Importance of Reading Food Labels
Serving sizes on food labels are designed to make it easier to compare the calorie and nutritional content of similar products and to identify nutrients present in a food. At a minimum, food labels contain information about serving sizes; calories; calories from fat (dietitians generally recommend that no more than 30% of calories come from fat over the course of the day); percent daily values of major nutrients; total fat; saturated and trans fat (these unhealthy fats are listed under total fat—saturated fat and trans fat raise cholesterol and increase a person's risk for developing heart disease); unsaturated fats (liquid at room temperature, these are the healthy fats); cholesterol; sodium; total carbohydrates (which includes dietary fibers, sugars, and other carbohydrates); protein; vitamins A and C; calcium and iron.
Carbohydrates are the most abundant source of calories in most people’s diets. Carbohydrates are either simple (called sugars) or complex (called starches). Cereals, rice, potatoes, breads, pastas, fruits, and vegetables all contain high amounts of carbohydrates. Not all sugar in food is added. Lactose, or milk sugar, is a natural ingredient in milk. Fruit also has high amounts of naturally occurring sugar.
When reading a food label, it is important to pay attention to the number of servings contained within a package and the amount of saturated fat. Saturated fat contributes to heart disease—the number one killer of adults in the US. Most saturated fats are solid at room temperature. The words, "hydrogenated," "partially hydrogenated," or "shortening,” also are used to describe saturated fats. With true “low-fat” foods, fewer than 30% of the total calories come from fat.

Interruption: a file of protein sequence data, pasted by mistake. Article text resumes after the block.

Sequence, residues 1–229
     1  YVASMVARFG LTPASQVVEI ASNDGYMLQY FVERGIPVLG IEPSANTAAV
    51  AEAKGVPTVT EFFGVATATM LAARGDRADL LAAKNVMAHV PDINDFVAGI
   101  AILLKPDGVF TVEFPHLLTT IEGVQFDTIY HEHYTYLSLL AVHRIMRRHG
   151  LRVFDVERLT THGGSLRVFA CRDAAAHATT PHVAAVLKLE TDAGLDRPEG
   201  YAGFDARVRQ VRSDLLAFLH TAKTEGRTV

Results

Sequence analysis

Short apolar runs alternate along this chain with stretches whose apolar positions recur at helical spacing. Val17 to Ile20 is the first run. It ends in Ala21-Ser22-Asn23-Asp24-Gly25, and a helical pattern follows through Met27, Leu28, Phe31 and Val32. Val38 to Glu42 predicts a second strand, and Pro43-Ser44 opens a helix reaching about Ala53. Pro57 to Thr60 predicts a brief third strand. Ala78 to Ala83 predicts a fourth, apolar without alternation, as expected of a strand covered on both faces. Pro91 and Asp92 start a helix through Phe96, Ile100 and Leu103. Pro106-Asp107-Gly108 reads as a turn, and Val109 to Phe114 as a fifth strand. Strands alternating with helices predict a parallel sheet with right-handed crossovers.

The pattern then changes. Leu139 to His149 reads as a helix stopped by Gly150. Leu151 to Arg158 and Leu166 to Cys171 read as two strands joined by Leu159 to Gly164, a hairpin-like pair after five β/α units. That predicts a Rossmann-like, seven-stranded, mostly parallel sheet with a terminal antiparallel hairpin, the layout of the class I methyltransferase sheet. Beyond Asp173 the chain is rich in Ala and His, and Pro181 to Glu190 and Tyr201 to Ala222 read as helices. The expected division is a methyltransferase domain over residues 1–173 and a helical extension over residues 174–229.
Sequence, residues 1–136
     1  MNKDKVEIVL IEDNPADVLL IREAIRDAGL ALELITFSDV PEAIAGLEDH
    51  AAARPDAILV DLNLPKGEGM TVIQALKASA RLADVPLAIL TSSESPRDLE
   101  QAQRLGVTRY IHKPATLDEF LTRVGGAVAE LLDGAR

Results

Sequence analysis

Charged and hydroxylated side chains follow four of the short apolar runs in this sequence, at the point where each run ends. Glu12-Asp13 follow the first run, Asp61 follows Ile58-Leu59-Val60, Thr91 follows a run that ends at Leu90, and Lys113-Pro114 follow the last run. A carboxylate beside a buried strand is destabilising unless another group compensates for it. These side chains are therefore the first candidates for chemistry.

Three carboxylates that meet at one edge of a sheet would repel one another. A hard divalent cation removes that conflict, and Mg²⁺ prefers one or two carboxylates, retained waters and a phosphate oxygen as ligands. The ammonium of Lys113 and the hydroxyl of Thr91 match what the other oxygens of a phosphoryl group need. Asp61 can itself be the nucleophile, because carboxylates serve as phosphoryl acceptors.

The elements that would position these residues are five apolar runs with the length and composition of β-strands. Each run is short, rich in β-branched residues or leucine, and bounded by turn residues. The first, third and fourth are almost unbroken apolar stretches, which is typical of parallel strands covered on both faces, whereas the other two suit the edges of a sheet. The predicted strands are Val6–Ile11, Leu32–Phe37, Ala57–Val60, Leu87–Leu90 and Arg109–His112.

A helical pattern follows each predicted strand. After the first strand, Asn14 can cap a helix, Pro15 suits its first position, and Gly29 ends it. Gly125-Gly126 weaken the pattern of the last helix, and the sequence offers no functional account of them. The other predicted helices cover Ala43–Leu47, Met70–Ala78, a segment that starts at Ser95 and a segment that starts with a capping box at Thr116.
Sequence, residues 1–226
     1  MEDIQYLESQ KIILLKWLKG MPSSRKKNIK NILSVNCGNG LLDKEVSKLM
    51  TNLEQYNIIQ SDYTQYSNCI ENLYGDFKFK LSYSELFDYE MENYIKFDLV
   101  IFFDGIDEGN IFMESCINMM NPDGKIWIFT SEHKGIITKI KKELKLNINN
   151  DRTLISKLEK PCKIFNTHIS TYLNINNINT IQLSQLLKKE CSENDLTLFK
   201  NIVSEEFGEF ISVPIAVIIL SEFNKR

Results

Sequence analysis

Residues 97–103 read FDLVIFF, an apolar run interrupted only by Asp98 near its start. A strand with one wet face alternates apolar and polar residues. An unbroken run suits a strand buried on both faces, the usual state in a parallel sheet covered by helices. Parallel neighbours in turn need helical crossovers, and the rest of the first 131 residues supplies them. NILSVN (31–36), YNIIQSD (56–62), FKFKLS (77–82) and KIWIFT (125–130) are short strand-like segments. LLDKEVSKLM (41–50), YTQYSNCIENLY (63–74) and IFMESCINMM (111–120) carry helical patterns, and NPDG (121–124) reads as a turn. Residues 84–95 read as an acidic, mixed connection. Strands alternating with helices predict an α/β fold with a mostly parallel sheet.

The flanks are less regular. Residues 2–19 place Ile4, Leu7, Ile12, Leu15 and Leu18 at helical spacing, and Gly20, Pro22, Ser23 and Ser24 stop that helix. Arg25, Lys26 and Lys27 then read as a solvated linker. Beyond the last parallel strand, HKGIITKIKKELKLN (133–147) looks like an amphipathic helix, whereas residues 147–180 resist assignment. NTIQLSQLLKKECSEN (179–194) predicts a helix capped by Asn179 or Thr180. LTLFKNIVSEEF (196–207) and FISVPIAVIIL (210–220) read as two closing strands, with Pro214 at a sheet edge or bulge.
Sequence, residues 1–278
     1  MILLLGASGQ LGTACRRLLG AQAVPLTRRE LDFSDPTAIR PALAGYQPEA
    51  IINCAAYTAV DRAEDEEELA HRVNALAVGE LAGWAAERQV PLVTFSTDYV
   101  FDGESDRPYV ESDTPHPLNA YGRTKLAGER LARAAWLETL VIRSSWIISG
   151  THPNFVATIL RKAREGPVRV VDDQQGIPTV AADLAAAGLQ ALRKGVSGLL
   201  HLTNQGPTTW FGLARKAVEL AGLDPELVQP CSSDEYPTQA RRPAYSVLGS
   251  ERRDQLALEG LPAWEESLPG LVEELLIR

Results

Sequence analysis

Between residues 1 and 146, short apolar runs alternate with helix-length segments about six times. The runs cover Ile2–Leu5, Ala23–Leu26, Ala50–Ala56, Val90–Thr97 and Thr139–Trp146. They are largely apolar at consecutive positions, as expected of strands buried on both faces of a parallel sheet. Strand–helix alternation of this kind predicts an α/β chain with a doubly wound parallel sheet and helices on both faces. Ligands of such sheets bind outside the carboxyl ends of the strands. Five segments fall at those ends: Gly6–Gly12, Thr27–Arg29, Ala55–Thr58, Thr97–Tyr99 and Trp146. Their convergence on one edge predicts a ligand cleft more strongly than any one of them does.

Keywords: calories | diet | food | food label | junk food | nutritional label | nutritional problems | obesity | portion size | nutrition
- Teen Health: Food Labels. The Nemours Foundation.
- How to Understand and Use the Nutrition Facts Label. U.S. Food and Drug Administration, U.S.Department of Health and Human Services.
- Moreno, N.P., Rahmati-Clayton, S., Cutler, P.H., Young, M.S., and Tharp, B. Z. (2006). The science of food and fitness. Houston, TX: Baylor College of Medicine.
Your slide tray is being processed.
Funded by the following grant(s)
This work was supported by National Space Biomedical Research Institute through NASA cooperative agreement NCC 9-58.